If you’re looking for a destination that’s a “pinch me, is this even real” type of amazing, then look no further, my friend, Iceland is it. From the endless green hills to absolutely unreal waterfalls, I could not get enough of Iceland’s South Coast. Iceland’s South Coast continues to top traveler’s bucket lists (along with Iceland’s majestic Golden Circle and the ever-famous Blue Lagoon), and it is for good reason. Not only is the area extremely easy to reach, but the South Coast offers some of the most diverse, pristine landscapes in the world.
Set out on a journey of a lifetime to Iceland’s South Coast and take in stunning fairytale vistas complete with waterfalls, glaciers, and black sand beaches. Iceland’s South Coast stretches from Reykjavik to the Jökulsárlón Glacier Lagoon in the east.
Keep in mind that this list just covers 10 sights that I would consider “must-see,” but that there are SOOOO many beautiful, unique things to do and see on Iceland’s South Coast. Even if you only have a long weekend in the country (I had 4 days in Iceland), the South Coast is absolutely a must-do!
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What is Iceland’s South Coast?
This is kind of obvious based on the name alone…it’s the South Coast of Iceland, which you can reach by driving southeast from Reykjavik. It is one of the most easily accessible parts of the country, which you can reach via the Ring Road (Route 1).
You can find basically every cool natural phenomenon…in one day I saw volcanoes, waterfalls, glaciers, and black sand beaches. So if you’re looking for dramatic landscapes, indecisive weather, and some seriously tongue-twisting names, you have to check out Iceland’s South Coast.
Should I Self-Drive or Take an Iceland South Coast Tour?
There are pros and cons to each, so let me help you out here.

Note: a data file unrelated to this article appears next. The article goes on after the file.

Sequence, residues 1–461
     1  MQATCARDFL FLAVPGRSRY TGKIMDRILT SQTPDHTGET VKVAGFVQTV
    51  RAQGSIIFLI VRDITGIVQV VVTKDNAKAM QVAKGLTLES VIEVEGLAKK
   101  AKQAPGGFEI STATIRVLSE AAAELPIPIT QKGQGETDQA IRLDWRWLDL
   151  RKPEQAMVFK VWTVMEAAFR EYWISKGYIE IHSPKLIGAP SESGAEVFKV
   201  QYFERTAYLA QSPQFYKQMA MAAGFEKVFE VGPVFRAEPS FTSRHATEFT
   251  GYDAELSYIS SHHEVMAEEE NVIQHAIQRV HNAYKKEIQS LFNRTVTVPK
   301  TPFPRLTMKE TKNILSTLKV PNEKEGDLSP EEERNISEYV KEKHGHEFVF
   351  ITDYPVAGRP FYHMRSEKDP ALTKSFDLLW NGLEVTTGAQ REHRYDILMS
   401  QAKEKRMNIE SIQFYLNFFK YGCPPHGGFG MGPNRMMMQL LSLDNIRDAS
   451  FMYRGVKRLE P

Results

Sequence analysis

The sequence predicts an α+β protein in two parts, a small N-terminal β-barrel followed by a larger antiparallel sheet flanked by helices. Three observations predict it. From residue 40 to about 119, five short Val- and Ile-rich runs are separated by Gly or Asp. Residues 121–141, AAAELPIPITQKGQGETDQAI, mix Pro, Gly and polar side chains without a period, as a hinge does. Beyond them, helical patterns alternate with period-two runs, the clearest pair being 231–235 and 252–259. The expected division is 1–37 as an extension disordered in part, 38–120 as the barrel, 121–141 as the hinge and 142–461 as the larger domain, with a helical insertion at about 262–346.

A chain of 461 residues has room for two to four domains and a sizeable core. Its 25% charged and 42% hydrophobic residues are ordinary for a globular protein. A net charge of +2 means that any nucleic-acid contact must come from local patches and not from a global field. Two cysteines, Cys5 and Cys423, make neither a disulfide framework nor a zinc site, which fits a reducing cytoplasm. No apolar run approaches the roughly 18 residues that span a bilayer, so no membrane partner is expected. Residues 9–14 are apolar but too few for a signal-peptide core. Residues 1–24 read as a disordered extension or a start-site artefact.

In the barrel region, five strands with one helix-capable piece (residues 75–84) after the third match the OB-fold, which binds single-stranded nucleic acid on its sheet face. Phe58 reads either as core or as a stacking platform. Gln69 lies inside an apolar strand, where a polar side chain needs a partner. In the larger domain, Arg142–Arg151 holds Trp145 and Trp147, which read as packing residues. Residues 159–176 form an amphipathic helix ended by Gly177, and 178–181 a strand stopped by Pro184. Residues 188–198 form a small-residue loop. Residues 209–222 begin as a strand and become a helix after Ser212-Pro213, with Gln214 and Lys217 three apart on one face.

Self-drive: You can stop where you want and take photos of every single waterfall and field of flowers. If you haven’t been to Iceland, trust me when I say you’ll want to pull over and take photos literally every 5 minutes. Tourists’ cars sitting on the side of the highway at the most random locations is proof of this. Cons include navigating yourself (I always get lost), high gas prices, expensive rental cars, and occasionally difficult road conditions (read: a Floridian trying to drive in snow).
Iceland South Coast Tour: All of the planning is done for you, but the stops are also pre-planned, so you have less flexibility. However, the guides will give you Icelandic history tidbits the whole way (loved these!), and it’s totally acceptable to nap along the way.
Decision: As a solo traveler, it made sense for me to choose a tour. I opted to do the GeoIceland South Coast Tour, and absolutely loved it. The small group size (11 people) was ideal, the guide worked in a stop for a pretty field of flowers, and he was full of random Icelandic knowledge. For example, did you know Reykjavik means “smoke bay,” since it always looks like it’s smoky? Side note: it is not actually smoky, but it does have a lot of geothermal steam!